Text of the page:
What do you mean by IT and Cybersecurity compliance?
Cybersecurity Compliance entails adhering to numerous cybersecurity measures that are usually implemented by a regulatory authority, government, or industry association. They try to safeguard data confidentiality, integrity, and availability. Compliance standards and frameworks differ by business and sector.
How does implementing & complying with various cybersecurity compliances benefit organizations?
Beyond the legal necessity to secure sensitive data, meeting regulatory compliance standards and criteria provides benefits for businesses. Implementing appropriate safeguards and security measures to protect sensitive customer and employee information strengthens the security posture. Also, intellectual property like trade secrets, software code, and product specifications can be secured as well.
How can organizations start implementing a Cybersecurity Compliance program?
It is critical to first determine the regulations or legislation companies must follow before they can start working towards establishing a compliance program. Some of the ideal steps are as follows: -
A. Determine the type of data being dealt with and any applicable regulations
Compliance rules differ greatly state-by-state and nation-by-nation. However, a few of them are universal as well. The CCPA (California Consumer Privacy Act) and the NYDFSCR (New York Department of Financial Services Cybersecurity Regulation), for example, set rules that apply to any company set up in any state across the US. Many rules impose extra controls on certain types of personal information. PII (Personally Identifiable Information) refers to any information that may be used to identify a person and is also a crucial data: -
- Unique Numbers present within National and/or Government-issued IDs
- First and Last Names
- Date of Birth and Age
- Resident and Correspondence Address
- Mother’s/Father’s Maiden Name
PHI (Personal Health Information) refers to any information that can be used to identify a person with their medical care. The following data is considered as PHI: -
- Doctors’ and Clinical appointment information
- Medical history of past and present acute and chronic diseases
- Admissions records, hospital bills, receipts
- Prescription records with medicines and dosage
- Personal and Family Health and Life insurance records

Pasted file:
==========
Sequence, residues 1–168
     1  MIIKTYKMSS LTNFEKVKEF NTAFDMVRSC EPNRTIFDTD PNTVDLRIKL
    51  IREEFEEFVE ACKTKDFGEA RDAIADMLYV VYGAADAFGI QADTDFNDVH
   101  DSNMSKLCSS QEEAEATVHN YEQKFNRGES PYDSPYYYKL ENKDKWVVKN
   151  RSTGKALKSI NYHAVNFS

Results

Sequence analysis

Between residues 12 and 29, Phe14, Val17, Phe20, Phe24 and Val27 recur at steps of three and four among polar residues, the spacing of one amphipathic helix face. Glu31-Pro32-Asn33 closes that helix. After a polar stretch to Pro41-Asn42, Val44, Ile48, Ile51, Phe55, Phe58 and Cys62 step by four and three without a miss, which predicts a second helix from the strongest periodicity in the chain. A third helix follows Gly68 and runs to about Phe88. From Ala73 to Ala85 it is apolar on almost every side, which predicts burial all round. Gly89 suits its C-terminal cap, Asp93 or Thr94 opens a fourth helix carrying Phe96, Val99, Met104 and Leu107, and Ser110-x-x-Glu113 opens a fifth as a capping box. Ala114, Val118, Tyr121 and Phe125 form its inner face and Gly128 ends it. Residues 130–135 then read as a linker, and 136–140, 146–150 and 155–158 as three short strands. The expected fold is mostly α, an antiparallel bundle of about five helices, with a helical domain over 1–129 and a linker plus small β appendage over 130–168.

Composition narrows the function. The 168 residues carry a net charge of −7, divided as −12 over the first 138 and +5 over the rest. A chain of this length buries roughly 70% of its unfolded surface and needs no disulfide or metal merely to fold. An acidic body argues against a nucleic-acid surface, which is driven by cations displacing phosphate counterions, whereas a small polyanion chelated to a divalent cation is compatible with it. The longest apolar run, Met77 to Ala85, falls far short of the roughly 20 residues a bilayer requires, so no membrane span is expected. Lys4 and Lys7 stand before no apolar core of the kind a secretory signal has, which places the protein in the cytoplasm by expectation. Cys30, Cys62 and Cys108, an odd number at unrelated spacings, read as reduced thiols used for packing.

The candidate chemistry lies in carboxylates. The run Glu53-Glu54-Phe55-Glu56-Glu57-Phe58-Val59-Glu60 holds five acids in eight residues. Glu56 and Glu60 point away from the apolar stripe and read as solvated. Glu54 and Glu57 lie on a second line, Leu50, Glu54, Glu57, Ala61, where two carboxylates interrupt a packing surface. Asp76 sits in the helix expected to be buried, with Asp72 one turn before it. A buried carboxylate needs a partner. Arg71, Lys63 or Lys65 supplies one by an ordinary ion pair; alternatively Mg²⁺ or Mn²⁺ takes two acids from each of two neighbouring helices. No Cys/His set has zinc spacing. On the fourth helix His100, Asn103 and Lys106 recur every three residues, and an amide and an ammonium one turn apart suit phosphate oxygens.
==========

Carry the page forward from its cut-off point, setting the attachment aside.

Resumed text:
B. Build a cybersecurity team by appointing a CISO
Any person with the necessary skills and work ethic might be assigned to handle cybersecurity on a part-time basis. To determine what compliance obligations may apply to the business, the CISO may wish to speak with a cybersecurity firm or an attorney. Some jobs that might be used as a dual CISO include: -
- CTO (Chief Technology Officer)
- CIO (Chief Information Officer)
- COO (Chief Operating Officer)
- IT Manager
C. Assess the risks and vulnerabilities
Risk and vulnerability assessments are required for almost every significant cybersecurity compliance obligation. These are crucial in assessing the most severe security issues in your firm, as well as the controls you currently have in place. It is also important to consider the likelihood of ransomware attacks while performing vulnerability evaluations.
D. Tolerance and requirements-based technical controls should be implemented
The next stage should be to start putting technological controls in place depending on your risk tolerance. A cybersecurity framework comes in handy to determine the starting point. Additional technical controls can be configured once the baseline is met.
E. Policy, procedure, and process controls should be implemented
It is not only about the technology when it comes to cybersecurity compliance. It is also critical to have risk mitigation policies and procedures in place for both compliance and safety. Technical precaution may not prohibit an employee from accidentally downloading malware onto work systems or visiting dangerous websites. Non-technical controls include: -
- Mandatory end-user and staff security awareness training and security advisories
- Policies, and procedures that are well documented
- Processes of security controls and the accountability of the personnel manning them
F. Continuously test, monitor, revamp and update
Examine any applicable criteria and make sure to test the controls regularly. It is easy to ignore cybersecurity as firms grow and develop, but companies can stay compliant by conducting frequent testing. It is a good idea to test both technological and process controls frequently when new requirements emerge and the old ones have to be revamped.
Protecting critical data is what security is all about and documenting those steps is what compliance is all about. Security personnel cannot establish control efficacy without documentation, even if the systems, networks, and software are protected. The internal or external auditors will have the information they need to verify control if the continuous monitoring & response efforts are documented. Furthermore, the documentation process facilitates discussions with senior management and allows the appropriate personnel to conduct a more thorough assessment of cybersecurity risk.
Centex Technologies helps businesses in understanding & implementing cybersecurity compliance in their organization. To know more about cybersecurity solutions, contact Centex Technologies at Killeen (254) 213 - 4740, Dallas (972) 375 - 9654, Atlanta (404) 994 - 5074, and Austin (512) 956 – 5454.